Orlando is about a man who stays at Queen Elisabeth I's court in the 16th century. He wants to be a poet but never quite finishes his poem. In some inexplicable, indeed poetic, way, Orlando does not age, but continues to live through the centuries. One day Orlando wakes up as a woman.
Fedelia Malmgren Nesi believes that one way to interpret the play is that it is about the importance of gender roles and social position during different eras; the high-ranking woman Orlando is treated one way in the 18th century and another in 1920.
A journey through time and identity
“It's a journey through time and identity, but there are so many different layers in the story and it feels a little scary to tell someone else what it's about. It creates expectations in the audience that may not be met.”
Fedelia Malmgren Nesi has several different roles in the play. Among other things, she is in the "Choir" which is the narrator of the play and plays the role of the "Laundress" in 17th-century Constantinople and the "Great Frost" – an embodiment of the cold period that lasted around 1570 – 1710. She doesn't really think that it has been so difficult to go in and out of different roles. However, it has been a challenge to be so many on stage and at the same time work with large and bulky props.
“It is important not to be in the way and not to make noise when getting props backstage. It's almost like a show in itself back there.”
First professional set
It is the first time that she is in a professional set. An important difference compared to the productions at the Theater Academy is that Orlando is performed a large number of times.
“You have to bear in mind that, even if you yourself have performed the play several times already, for the vast majority of the audience it is the first time they have seen it. Every show's audience deserves to get the same energy from us on stage. Therefore, it is important to take care of your energy by finding routines in everyday life. It's also about maintaining a functional body. We warm up together before going on stage. But taking care of your body is very much your own responsibility. We have to find what works for us. You become a bit more mature that way.”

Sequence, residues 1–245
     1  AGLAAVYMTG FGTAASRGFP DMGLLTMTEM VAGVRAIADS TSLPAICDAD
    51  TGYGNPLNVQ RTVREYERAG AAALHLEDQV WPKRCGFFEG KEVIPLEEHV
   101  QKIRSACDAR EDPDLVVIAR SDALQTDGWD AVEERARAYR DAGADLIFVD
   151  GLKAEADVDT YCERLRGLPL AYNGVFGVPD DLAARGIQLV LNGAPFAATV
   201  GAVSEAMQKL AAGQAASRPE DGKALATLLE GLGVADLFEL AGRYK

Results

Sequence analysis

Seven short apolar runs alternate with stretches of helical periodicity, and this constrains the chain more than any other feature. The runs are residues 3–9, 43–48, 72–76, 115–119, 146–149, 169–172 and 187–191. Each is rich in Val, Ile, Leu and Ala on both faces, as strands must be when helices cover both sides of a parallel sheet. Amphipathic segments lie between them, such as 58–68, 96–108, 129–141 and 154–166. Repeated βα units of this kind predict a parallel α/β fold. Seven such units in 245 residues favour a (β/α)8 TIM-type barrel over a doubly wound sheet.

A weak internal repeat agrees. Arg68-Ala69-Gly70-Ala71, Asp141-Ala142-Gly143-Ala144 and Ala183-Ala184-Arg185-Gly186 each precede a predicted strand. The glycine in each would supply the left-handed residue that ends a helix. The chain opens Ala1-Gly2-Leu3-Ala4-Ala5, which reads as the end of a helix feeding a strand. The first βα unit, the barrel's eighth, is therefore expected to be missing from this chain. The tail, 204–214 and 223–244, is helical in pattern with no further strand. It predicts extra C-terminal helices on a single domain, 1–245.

Another obvious difference compared to the Theater Academy is that she works with new people. It's not just actors but people with other professional roles. She describes the theater as a micro-society where everyone strives towards the same goal.
“It is so clear that people are professionals at what they do. If the director realizes that "we need this thing", it is completed the next day.”
She become a member of the team quickly
Despite all the new things, as a student she felt warmly welcomed and as one in the team. She likes to highlight director Stefan Metz's ability to create a we feeling in the ensemble. Several weeks were spent playing with different materials before they started tackling the text itself. A lot of props made of paper are used in the show.
“Stefan was very careful not to divide us into students and actors. The few times we were split up he called us "the best team". During the first few weeks, we started each day by playing volleyball. It was good, I think, because like volleyball, theater is a team sport.”
The students from the Theatre Academy who participates in Orlando are Fedelia Malmgren Nesi, Fadi Alsuhaili, Tintin Hansson Karlsson, Vendela Helldorff, Vanja Kittelmann Flensner, John Njie and Elias Wahldén.